What is Citi’s competitive advantage over other banks?

Our competitive advantage cannot be defined by a single attribute. I would say that it’s a combination of three compelling aspects of Citi. One, our global footprint. Two, our holistic product platforms across banking, lending, wealth planning and investments. Three, the concept of One Citi – how the private bank and our institutional businesses collaborate with one another to serve our top clients such as billionaires, whose needs are often on an institutional scale.

What are some new patterns of wealth management you’re observing?

We’re seeing several trends but I would like to highlight three specifically.

One. The next generation coming into wealth. They are in their 20s, 30s, 40s, a lot of whom are entrepreneurs. They’re not just in the United States but spread across the world. And within this group we are witnessing a growth in more women entrepreneurs and wealth creators with differing investment behaviours and preferences such as a greater focus on ESG investing.

Various studies estimated that about $80 trillion in wealth is expected to be transferred to the next generation by 2050 or sooner. This has been dubbed as “The Great Wealth Transfer”.

Two. Family Offices. Many of our wealthier clients are establishing family offices to streamline and professionalise their wealth management. Some of these family offices are going global. They are setting up subsidiaries in the US, Europe and Asia to diversify their investment strategies. For these family offices, working with a global private bank such as Citi has its advantages.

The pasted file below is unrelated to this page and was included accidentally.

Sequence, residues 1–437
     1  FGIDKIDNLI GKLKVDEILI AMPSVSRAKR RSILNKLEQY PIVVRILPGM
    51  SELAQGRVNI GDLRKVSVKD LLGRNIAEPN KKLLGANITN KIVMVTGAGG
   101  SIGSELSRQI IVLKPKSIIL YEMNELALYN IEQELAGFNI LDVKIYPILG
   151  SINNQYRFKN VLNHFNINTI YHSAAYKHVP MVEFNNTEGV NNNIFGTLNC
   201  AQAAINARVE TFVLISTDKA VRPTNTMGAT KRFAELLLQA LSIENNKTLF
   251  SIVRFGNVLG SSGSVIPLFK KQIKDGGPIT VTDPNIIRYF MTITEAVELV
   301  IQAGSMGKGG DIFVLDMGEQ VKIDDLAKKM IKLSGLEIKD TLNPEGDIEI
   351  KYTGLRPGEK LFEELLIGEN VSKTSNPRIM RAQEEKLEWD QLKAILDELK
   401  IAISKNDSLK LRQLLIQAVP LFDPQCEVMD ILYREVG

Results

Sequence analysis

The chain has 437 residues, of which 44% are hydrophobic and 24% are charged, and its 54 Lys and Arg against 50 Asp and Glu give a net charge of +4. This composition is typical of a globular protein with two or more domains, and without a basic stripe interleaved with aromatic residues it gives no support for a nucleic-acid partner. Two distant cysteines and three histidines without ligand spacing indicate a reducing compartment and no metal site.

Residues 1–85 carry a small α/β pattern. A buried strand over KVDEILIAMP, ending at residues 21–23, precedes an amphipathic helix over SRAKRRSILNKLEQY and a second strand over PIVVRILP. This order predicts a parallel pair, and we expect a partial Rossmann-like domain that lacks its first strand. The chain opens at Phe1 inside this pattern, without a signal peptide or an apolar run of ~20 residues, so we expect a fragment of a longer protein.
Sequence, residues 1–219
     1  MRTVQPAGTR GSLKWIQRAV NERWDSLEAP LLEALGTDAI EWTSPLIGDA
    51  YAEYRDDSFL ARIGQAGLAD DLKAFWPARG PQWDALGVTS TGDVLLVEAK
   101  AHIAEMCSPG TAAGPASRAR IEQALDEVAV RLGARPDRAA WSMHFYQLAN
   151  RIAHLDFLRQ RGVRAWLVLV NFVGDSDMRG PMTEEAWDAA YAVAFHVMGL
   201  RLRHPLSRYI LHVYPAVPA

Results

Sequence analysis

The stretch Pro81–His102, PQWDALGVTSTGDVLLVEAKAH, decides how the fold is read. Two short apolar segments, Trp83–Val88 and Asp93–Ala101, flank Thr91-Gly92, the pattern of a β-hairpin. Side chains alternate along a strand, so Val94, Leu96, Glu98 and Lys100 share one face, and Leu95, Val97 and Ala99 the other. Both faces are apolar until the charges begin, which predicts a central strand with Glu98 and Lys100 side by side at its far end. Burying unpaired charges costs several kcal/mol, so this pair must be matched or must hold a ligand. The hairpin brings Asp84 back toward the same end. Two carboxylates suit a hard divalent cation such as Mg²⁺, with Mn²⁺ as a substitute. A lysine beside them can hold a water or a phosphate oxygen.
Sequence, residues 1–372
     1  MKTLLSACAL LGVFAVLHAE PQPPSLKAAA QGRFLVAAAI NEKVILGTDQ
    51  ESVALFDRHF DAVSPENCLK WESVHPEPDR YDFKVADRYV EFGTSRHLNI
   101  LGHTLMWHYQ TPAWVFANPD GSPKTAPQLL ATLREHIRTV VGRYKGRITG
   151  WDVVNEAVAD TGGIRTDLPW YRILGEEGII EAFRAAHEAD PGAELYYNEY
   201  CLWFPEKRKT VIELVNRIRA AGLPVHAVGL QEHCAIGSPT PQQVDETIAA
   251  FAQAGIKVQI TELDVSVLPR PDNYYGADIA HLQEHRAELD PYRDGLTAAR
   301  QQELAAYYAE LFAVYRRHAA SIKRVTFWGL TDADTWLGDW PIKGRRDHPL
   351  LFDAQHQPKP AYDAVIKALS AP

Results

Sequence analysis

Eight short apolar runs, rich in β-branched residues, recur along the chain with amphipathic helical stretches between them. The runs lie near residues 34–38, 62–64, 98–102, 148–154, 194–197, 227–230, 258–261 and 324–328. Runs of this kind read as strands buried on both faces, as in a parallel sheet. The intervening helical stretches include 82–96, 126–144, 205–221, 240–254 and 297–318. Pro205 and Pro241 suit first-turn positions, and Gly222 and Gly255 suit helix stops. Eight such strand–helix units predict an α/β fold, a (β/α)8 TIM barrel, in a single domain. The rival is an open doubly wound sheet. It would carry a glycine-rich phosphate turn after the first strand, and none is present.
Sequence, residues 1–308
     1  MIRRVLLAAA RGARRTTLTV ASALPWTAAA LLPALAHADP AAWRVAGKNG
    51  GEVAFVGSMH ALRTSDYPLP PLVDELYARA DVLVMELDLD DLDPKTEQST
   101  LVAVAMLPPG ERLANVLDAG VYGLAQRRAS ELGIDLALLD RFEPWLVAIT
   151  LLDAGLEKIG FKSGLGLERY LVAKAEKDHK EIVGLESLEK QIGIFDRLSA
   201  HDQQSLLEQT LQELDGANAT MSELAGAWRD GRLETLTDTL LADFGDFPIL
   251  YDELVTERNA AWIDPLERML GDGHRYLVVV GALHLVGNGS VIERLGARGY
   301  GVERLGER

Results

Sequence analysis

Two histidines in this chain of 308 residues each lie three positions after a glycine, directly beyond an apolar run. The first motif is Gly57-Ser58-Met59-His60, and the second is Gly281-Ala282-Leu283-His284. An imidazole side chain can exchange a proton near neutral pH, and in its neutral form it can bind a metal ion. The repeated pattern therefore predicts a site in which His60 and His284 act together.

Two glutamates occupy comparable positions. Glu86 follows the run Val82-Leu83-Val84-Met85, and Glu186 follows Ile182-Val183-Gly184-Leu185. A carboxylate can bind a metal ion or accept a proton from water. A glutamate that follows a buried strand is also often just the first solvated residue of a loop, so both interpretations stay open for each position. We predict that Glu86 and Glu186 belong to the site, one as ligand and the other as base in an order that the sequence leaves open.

Three. The retiring baby boomer generation. Their priorities are changing. Their focus is not so much wealth creation but wealth preservation and wealth transfer to the next generation. They are spending more time on wealth planning, insurance, philanthropy, and matters related to preserving the family legacy.

What’s it like running a global office from Singapore?

Citi is a global, multipolar organisation. Our global headquarters in in New York, but we have global centres of excellence in different continents including North America, Europe and Asia.

I am a Singaporean, born and raised here, and with family here. For me, it is convenient to be in Singapore for personal reasons.

Managing a global business out of Singapore is complemented by the multiple tools that have helped to dramatically reduce the tyranny of distance such as Zoom. That’s how I keep in touch with my team, which is spread across eight cities. On occasion, travel is necessary to meet colleagues and clients in person.

Naturally, time differences can be tricky.  It is often night-time in Singapore when we have global meetings. The trick is to plan well and confine global conference calls to a few times a week.

Lastly, you’ve been in the Citigroup for 24 years. In this time, what are some areas the bank has shown exemplary strength in?

I think Citi is exemplary in its collaborative culture, innovative approach, diversity, and global mindset. The diverse and global nature of the bank makes it an exciting place to work in. Here, you work with people of so many different nationalities. Citi is a true melting pot. It celebrates diversity and inclusion.

In the 24 years I’ve been here, I’ve had a different role about every four years. I started off in public affairs, then moved to the private bank into a regional marketing role which expanded in geographical coverage over the years. Since 2021, I have led the Global Client Service. There is never a boring day in Citi!